This showcase at the Hallors and Saline Museum in Halle (Saale) displays the costume of a Hallor with its typical 18 buttons and a lance. Such lances are still in use for the traditional water joustings one can experience e.g. during the lantern festival of Halle (Hallesches Laternenfest).
The Blaudruckerei Koó was established in 1921. It is one of the last businesses in Europe using the traditional technique for printing fabrics and dyeing them with indigo. Visitors of this company in a small place in Burgenland will learn about the machines, materials and pattern used in this technique.
At the theme park Mendlingtal Valley there is a chance to watch log drivers at work. At the photo above some workers are trying to put the logs through the last weir before the logs will arrive the timber mill.
The Perchtenlauf (Procession of Perchten) in Judenburg was the first Perchtenlauf I have ever watched. I was impressed with how scary the masks looked like. Though I don’t think that a Perchtenlauf in the mid of November is really traditional I like the idea of this event and recommend to watch such a procession if you get the chance anywhere in the Alpine region.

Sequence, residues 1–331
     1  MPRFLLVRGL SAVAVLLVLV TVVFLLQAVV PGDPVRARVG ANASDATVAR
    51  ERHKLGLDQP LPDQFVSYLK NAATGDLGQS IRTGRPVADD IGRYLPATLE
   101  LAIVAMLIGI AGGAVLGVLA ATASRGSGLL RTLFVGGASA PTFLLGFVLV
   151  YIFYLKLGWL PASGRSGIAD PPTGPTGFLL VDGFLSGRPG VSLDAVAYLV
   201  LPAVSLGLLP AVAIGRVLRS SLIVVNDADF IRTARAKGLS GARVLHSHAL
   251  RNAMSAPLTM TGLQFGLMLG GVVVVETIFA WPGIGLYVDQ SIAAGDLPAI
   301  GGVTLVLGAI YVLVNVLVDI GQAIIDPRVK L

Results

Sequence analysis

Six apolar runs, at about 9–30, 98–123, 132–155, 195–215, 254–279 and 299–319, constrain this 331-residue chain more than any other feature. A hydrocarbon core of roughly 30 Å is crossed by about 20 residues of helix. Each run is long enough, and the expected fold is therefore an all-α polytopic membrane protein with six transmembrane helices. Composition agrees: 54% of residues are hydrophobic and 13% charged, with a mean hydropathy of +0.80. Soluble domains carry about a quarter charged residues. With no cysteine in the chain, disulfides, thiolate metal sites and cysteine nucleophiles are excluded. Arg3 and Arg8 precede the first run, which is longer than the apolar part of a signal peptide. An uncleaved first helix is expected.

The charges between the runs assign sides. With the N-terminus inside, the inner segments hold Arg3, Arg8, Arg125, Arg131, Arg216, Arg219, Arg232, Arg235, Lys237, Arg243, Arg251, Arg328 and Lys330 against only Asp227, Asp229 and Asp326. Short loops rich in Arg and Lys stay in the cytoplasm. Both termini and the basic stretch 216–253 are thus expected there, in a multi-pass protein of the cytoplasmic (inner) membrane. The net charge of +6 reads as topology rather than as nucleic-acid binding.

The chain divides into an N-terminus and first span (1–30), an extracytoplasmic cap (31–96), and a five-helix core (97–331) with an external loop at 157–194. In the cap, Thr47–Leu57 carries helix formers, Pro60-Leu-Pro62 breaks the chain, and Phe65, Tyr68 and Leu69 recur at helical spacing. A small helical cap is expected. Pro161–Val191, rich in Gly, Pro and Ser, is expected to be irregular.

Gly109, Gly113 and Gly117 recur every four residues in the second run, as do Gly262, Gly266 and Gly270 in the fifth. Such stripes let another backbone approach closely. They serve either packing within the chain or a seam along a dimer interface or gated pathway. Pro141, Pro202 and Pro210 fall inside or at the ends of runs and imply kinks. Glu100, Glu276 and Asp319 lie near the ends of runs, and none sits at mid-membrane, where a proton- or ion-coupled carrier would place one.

Interesting detail seen at the Baroque church of Haus im Ennstal: Gentlemen are sitting at the right pews, for the ladies are the left pews reserved. On the right side there is one row less than on the left side. That means: Gentlemen have more space between the rows.
Fun sculpture seen in Ehrenhausen, a place in the Austrian province Styria. It shows a local tradition called ‘Fingerhakeln’. Is this tradition in your region known? Do you know any English term for it? Perhaps ‘finger wrestling’?